The Waikato region is underfunded, underperforming and underwhelming in speaking up for what it needs, say the architects of the region's first economic development agency.
Operational from July 1, the agency's objectives are to lift economic performance across the whole region, attract and grow new business investment and talent, and be one voice for economic development in the country's fourth largest regional economy. "We think all those things are missing," said establishment chief executive Stuart Gordon, who is also head of the Waikato Innovation Park, where the new agency will be based.
The agency will absorb Waikato Means Business, a 20-year economic development strategy created with input from regional business leaders, and the innovation park's business development functions.
A trust has been set up to own the agency company, which will start with annual working capital of $2 million. It will apply for more money from the Government's $3 billion provincial growth fund (PGF).
The $2m budget includes $720,000 from Waikato's local authorities, $250,000 from regional trusts, about $465,000 from business, and $660,000 in government funding which supports the innovation park's business development work.
Harvey Brookes, an experienced economic development consultant who has been contracted to Waikato Means Business for three years and is now helping set up the new agency, said the $2m core operating budget would be used to leverage economic growth funds.
"For every dollar we put into something we want at least $4. The Waikato region is significantly underfunded. If we got our proportionate share of the PGF that's $300 million."
The agency's first job has been to invite 250 business leaders to a two-day summit in August to thrash out priorities.
"At the moment there is no coherent, prioritised list of actions and projects. The only one the Waikato had was the expressway," said Gordon.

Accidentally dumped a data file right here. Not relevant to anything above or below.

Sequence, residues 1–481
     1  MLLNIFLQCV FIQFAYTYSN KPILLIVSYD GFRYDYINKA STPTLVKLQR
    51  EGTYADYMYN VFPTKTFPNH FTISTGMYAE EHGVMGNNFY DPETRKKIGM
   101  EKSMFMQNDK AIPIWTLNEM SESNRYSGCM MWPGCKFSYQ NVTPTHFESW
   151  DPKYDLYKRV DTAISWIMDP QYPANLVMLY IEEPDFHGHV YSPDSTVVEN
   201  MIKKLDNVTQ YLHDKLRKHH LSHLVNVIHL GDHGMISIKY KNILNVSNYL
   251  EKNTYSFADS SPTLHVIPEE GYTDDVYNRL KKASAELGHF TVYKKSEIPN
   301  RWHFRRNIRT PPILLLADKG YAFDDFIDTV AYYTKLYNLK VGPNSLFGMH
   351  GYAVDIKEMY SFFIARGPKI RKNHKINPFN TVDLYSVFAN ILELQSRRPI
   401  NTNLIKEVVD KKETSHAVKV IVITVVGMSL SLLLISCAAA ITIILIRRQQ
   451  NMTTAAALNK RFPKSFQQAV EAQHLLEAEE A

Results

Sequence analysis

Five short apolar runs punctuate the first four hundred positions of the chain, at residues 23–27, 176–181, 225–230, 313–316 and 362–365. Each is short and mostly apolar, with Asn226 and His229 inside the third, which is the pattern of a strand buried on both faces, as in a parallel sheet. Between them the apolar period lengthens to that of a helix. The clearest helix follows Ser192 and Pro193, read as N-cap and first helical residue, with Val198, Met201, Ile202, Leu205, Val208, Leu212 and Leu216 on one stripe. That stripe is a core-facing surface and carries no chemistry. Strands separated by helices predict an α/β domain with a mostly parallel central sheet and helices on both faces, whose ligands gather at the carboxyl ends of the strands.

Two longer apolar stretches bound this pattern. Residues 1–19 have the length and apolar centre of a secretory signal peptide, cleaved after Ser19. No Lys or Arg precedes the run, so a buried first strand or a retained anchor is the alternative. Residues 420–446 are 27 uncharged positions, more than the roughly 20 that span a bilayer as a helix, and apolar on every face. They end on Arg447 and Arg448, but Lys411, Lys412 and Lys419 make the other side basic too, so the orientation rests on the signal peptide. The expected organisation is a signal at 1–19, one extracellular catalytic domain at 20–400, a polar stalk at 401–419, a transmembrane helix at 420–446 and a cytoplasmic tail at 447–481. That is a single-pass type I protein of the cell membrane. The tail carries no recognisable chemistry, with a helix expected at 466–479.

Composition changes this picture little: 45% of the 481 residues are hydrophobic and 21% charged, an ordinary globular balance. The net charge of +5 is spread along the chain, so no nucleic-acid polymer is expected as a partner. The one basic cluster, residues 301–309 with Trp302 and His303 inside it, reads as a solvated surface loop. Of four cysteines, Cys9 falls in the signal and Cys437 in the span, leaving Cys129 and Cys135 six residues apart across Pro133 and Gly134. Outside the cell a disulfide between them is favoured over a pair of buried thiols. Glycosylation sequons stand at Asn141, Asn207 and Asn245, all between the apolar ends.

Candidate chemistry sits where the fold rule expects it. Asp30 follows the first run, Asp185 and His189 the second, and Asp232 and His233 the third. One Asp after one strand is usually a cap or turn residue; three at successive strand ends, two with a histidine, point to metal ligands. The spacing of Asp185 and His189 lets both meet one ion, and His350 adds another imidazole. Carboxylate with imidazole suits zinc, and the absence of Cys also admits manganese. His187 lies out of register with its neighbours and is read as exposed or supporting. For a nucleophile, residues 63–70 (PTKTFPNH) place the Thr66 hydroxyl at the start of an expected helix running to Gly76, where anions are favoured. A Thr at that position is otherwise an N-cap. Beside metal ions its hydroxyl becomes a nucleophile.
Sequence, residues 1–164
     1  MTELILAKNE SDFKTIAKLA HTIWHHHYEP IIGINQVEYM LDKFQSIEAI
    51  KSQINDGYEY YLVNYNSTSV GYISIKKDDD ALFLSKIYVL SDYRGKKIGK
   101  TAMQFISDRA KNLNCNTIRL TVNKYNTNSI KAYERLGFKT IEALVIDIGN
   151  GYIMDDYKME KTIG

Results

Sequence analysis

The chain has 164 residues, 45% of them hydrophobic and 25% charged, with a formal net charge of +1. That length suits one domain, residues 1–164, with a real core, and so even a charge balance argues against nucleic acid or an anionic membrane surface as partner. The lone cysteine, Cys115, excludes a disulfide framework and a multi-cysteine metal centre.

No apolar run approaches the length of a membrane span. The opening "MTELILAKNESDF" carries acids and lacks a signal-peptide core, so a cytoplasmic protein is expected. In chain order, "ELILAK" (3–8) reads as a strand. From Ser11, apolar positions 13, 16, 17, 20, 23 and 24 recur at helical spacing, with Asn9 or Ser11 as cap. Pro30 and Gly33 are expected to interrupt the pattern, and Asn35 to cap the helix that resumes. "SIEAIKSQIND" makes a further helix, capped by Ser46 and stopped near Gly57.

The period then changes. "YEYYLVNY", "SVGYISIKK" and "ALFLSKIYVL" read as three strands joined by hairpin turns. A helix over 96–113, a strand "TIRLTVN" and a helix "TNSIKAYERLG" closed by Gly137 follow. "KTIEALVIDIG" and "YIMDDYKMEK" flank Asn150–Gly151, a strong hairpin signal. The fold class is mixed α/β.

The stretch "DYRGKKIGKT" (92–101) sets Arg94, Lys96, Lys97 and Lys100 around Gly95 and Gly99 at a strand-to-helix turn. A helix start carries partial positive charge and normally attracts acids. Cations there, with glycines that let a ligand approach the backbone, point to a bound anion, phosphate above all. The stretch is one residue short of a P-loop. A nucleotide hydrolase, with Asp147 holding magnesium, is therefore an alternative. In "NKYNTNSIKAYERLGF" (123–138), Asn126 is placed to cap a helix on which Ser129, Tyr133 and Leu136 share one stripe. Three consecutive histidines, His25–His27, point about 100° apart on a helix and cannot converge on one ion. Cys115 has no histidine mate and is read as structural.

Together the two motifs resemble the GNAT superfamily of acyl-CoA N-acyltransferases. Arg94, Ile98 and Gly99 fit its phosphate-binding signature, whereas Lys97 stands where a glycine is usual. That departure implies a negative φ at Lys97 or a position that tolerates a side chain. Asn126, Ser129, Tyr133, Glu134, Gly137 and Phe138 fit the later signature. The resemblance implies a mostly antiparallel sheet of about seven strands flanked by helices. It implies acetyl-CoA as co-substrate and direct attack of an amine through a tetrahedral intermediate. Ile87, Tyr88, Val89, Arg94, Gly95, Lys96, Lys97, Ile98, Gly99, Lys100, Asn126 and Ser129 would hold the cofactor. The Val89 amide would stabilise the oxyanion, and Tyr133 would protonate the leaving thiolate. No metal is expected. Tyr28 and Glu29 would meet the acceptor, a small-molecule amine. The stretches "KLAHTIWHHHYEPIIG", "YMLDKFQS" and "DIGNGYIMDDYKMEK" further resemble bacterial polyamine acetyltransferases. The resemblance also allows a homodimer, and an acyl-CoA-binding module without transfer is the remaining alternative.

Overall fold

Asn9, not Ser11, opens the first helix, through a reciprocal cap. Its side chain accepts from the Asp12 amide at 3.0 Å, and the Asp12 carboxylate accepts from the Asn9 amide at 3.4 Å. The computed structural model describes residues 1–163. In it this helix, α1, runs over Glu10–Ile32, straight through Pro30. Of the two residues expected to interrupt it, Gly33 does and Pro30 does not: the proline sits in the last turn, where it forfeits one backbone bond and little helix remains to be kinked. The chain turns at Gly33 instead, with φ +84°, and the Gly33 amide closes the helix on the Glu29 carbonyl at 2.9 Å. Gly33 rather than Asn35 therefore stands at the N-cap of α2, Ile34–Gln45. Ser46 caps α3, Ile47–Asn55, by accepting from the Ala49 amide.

"And that wasn't funded by government until the region got its act together," said Brookes.
"Some [projects] will have already been worked out - we want to capture all that - some might need six months to frame up an investment case for. And then there'll be a big base of ideas that will need to be prioritised over the next six to 12 months.
"In effect that creates an agenda for the EDA.
"There's no reason why the Waikato shouldn't be one of the wealthiest regions in New Zealand but somehow it is determinedly average," said Brookes.
Waikato contributed $21b or 8.3 per cent of New Zealand's GDP, latest statistics show. Per capita GDP is $47,119, growing at 1.8 per cent per annum, below the national average of $54,178, growing at 1.9 per cent.
Manufacturing is the largest and fastest growing sector. Agriculture is a significant contributor to the economy but is exposed to dramatic shifts in commodity prices.
A recent report commissioned by Waikato Means Business found local government investment in Waikato economic development, when measured on a per capita basis, was about the same as that invested by other regions.
The report said this had a flow-on effect to central government funding, which was very low compared with other regions.
The job of agency chief executive is being advertised this week and six of the eventual team of 13 staff have been employed. Branding the agency is way down the list of priorities, said Gordon.
Chairman of the agency will be Dallas Fisher, chairman of Waikato Means Business.
The agency will be business-led with no local politicians or council employees on the board which will be finalised later this year.
Waikato Innovation Park will be home to the region's first economic development agency.